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Should BI Offer Only Historical Reporting or Should It Also Include Predictive Analytics?

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Brought up during a Forrester Tweetjam awhile back, should BI offer only historical or rear-view reporting or should it also include predictive analytics?

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  • It all depends on your definition of BI.

    BI in the sense of "intelligence about your business" should absolutely include predictive analytics. The power of predictive analytics to turn uncertainty about the future into a usable probability makes it invaluable in decision making.

    BI in the sense of "Business Intelligence Software Products" should support Predictive Analytics too, at least at the level of importing PMML models from analytic environments.

    BI in the sense of a market label? No, it shouldn't. The reality is that BI means reporting and dashboards to people and we should leave it that way and use new words for new capabilities. Otherwise people will think they have the Predictive Analytics they need because they have BI and that would be a mistake.
    JT

  • In some sense, the only objective of any Business Intelligence is to help you map out tactics in the short run and strategies in the longer run, correct? In that sense all BI is for Predictive Analytics, whether you do them manually later on or the tools do them for you. Dashboards, Graphs and all BI outputs are for taking corrective action after seeing where we are and where things seem to be going.

    Of course, you can analyze past data to assign blame and get somebody fired but most of the actual USE of BI is for the future. Past Data is Information but BI's purpose is for the future, mostly!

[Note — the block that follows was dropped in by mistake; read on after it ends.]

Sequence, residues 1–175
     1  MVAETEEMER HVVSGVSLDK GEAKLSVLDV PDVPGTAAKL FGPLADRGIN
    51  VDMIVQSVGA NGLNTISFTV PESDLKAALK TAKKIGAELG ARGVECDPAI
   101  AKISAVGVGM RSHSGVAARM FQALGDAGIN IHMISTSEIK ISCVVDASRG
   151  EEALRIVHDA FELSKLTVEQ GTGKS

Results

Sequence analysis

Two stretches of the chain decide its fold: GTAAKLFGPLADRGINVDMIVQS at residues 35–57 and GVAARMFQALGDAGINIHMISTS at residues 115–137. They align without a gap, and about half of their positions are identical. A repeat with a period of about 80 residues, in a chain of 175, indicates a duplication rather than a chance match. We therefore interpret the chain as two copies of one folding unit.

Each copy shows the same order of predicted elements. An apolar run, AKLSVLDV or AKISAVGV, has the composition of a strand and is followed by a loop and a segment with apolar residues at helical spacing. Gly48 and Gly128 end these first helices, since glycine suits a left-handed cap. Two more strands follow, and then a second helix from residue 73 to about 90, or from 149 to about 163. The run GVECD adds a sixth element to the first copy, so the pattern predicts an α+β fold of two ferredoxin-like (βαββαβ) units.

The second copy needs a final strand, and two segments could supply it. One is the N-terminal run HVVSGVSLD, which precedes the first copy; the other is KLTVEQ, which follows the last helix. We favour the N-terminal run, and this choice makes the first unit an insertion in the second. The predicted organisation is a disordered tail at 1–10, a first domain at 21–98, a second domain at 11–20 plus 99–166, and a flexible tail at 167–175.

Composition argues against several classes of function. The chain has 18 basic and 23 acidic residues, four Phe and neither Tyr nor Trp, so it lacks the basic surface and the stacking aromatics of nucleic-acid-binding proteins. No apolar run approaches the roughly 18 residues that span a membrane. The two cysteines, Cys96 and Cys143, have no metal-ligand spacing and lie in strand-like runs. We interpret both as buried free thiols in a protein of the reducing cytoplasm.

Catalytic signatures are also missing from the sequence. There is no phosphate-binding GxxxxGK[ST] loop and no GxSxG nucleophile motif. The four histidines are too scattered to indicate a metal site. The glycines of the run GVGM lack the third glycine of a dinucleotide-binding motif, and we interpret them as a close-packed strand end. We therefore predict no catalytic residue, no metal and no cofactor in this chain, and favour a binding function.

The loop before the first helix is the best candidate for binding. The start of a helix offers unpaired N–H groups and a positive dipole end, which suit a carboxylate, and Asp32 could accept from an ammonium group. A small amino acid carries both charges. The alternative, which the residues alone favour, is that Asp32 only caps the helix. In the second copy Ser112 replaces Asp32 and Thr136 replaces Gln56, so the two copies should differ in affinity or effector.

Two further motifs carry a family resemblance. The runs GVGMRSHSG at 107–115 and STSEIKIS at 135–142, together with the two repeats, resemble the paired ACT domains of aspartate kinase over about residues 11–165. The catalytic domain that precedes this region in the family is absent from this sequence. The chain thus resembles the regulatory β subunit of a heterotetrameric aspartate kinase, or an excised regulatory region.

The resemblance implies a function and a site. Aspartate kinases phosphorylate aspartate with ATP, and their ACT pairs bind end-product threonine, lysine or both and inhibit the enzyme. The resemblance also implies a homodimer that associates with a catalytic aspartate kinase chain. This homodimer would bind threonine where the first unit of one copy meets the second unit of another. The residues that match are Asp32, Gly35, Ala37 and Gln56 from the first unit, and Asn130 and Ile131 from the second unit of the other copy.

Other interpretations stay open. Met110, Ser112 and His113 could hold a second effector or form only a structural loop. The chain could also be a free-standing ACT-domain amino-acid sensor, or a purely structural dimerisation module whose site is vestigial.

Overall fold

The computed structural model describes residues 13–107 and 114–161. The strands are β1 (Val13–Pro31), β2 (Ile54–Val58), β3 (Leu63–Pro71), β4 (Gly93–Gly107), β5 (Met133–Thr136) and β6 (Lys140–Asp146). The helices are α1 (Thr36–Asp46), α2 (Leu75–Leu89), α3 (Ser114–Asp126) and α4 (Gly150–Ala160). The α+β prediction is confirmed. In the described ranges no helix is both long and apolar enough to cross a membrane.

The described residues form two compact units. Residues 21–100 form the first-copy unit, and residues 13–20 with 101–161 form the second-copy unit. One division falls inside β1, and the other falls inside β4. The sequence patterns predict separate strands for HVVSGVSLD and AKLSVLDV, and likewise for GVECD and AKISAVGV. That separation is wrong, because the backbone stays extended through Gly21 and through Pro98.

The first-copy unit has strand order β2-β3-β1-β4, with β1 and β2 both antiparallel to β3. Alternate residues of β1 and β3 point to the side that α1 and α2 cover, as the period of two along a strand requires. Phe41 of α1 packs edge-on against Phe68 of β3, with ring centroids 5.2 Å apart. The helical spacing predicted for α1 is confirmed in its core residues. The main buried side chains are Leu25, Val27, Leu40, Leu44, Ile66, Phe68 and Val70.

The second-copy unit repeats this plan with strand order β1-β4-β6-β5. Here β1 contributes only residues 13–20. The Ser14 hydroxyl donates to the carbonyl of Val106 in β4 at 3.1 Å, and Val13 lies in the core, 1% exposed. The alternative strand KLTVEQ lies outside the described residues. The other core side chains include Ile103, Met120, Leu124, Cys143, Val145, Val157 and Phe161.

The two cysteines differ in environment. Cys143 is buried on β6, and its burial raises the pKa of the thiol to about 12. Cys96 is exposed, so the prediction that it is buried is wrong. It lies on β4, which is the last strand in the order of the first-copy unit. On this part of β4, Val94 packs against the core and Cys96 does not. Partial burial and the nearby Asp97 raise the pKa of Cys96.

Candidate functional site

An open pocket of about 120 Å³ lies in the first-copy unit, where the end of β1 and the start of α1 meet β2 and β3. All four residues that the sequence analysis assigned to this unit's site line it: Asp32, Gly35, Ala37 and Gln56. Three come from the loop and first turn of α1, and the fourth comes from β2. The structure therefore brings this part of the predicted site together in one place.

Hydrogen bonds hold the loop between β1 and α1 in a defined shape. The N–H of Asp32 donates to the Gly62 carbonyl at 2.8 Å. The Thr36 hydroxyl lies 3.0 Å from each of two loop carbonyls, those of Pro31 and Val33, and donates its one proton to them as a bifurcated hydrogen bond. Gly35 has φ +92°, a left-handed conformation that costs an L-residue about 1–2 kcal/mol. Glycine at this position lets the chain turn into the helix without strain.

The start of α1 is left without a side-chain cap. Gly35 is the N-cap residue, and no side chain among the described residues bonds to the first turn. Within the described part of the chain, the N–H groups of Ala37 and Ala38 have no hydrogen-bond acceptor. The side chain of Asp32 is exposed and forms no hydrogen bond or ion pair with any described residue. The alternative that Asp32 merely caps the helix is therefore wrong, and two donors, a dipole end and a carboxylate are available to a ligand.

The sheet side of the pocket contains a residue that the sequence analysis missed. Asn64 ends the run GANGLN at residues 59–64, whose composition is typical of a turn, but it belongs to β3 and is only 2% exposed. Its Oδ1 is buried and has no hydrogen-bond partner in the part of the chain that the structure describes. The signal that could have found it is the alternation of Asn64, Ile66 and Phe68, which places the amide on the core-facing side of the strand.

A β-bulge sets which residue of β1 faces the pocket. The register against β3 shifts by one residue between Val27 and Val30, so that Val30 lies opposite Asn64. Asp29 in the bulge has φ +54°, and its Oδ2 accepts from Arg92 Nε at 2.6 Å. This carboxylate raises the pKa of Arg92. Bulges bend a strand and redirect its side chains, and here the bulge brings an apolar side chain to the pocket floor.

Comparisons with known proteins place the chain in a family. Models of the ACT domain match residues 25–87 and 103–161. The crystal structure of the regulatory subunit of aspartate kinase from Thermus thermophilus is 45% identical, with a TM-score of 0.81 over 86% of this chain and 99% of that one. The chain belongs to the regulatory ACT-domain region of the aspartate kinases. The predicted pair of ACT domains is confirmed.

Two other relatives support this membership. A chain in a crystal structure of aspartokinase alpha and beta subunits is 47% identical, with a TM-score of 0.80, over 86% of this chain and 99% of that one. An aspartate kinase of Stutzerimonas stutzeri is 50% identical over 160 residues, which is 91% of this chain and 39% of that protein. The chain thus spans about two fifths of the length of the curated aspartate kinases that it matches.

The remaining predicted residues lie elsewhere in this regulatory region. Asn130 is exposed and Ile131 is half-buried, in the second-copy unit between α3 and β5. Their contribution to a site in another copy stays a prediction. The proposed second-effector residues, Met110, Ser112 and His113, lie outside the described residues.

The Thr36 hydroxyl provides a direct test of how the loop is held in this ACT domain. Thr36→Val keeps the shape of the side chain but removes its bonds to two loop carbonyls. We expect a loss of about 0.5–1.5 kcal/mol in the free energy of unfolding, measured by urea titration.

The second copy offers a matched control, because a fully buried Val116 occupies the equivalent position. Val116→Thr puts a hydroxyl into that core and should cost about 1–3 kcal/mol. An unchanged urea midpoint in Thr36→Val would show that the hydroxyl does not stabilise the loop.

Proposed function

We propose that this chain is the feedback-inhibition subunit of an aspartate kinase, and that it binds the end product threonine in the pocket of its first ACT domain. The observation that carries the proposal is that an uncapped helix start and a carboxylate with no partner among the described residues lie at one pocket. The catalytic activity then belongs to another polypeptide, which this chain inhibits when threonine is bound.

Of course, when we use the term Predictive Analytics we mean it in the sense of the system giving us assistance in predicting the future.

  • James is spot on... most people think BI is all about MIS reporting with flashy Dashboards! And its pretty difficult to dismiss this notion!

    I guess its time that we take MIS reporting per se off the check list for BI and have a Key Performance Indicator (KPI) driven framework for operational needs with predictive capabilities and historical reporting for strategic goals (Predictive will depend on it).

    Short answer :
    Operational+Predictive+Historical-MIS = BI(Business Indicator) :-)

  • I also agree with James' comment. I think one of the issues is that BI has the capabilities to do everything but the market place is flooded with industry related marketing terms that confuse organizations into believing that by implementing BI they will be getting everything, when in fact the entry point will probably only account for trends based analysis and reporting.

    Consequently, it becomes hard to identify where the lines cross and at what point an organization needs one, the other, or both. At the end of the day, it is important for businesses to be able to combine the types of analysis applied because the main goal of BI should be to gain general business clarity and use data to help drive decision making.